Thomas Alva Edison, the subject of Brilliance, presided over a workshop that produced hundreds of inventions patented in his name, perhaps most iconically the electric lightbulb. His life has become a sort of Rorschach test for novelists and historians. Was he the benign and brilliant “Wizard of Menlo Park”? A cheat who underpaid his employees and claimed their inventions as his own? A cut-throat competitor who would use any means to drive his rivals out of business?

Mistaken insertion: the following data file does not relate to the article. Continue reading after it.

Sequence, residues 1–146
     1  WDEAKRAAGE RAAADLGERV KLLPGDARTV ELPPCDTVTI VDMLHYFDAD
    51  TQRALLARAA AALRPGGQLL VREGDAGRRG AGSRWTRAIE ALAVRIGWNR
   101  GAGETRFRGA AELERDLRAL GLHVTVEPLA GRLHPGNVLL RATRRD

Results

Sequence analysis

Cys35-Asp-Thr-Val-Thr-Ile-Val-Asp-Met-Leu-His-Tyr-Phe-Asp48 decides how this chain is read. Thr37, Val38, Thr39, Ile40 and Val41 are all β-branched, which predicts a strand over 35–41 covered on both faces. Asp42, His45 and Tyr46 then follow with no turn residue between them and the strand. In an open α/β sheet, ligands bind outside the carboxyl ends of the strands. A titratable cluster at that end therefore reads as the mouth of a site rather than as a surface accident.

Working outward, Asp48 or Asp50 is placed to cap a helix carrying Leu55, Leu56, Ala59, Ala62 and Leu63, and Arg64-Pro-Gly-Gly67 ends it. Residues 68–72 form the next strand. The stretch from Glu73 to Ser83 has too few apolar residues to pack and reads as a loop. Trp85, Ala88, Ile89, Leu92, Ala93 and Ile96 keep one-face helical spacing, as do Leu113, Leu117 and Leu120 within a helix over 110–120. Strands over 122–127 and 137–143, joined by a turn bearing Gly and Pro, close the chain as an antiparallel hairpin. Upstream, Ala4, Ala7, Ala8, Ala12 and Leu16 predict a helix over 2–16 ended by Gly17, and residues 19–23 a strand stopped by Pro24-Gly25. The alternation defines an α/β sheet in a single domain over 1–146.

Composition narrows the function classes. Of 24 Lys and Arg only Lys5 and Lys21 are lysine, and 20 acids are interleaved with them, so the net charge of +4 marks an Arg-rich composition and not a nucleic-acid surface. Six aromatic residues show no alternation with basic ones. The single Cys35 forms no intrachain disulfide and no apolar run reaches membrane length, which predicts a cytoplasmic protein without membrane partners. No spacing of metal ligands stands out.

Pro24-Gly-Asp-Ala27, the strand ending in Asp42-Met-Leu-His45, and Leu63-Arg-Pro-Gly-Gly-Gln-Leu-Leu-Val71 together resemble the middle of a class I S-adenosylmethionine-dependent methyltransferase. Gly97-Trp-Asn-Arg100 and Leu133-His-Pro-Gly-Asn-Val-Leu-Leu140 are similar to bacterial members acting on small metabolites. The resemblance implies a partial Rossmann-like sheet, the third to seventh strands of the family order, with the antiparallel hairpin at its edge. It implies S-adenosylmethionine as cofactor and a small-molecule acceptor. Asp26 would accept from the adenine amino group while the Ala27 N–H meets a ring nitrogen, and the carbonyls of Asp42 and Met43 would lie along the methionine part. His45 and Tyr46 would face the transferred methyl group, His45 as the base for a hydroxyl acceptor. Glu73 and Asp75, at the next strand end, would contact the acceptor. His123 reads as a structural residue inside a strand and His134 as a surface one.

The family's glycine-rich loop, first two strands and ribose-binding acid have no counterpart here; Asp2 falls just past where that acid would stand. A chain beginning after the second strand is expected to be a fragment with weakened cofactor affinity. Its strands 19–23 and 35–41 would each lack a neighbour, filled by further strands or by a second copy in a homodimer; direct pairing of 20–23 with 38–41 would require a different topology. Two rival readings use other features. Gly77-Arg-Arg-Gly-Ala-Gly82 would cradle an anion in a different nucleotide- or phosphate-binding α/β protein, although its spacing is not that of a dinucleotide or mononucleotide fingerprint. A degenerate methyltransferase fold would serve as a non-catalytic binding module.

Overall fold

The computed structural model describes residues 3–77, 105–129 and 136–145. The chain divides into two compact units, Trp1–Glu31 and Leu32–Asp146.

Brilliance is a short, intense novel portraying a man drowning in moral quandaries. Edison is restless, short-tempered, idealistic, self-centered. Strong-willed in pursuing the success of his inventions, he is weak-willed when facing pressure to compromise his values in that pursuit. The story keeps a tight focus on Edison’s relationship with banking plutocrat J.P. Morgan, whose seemingly infinite supply of money and scant supply of patience goaded Edison to set aside one scruple after another. In the attempt to demonstrate that direct electrical current, pioneered by Edison, was safer than the alternating current promoted by George Westinghouse, Edison’s commitment to nonviolence wavered, and he ordered lab workers to electrocute stray dogs and develop an electric chair, run on alternating current, as a means of capital punishment.
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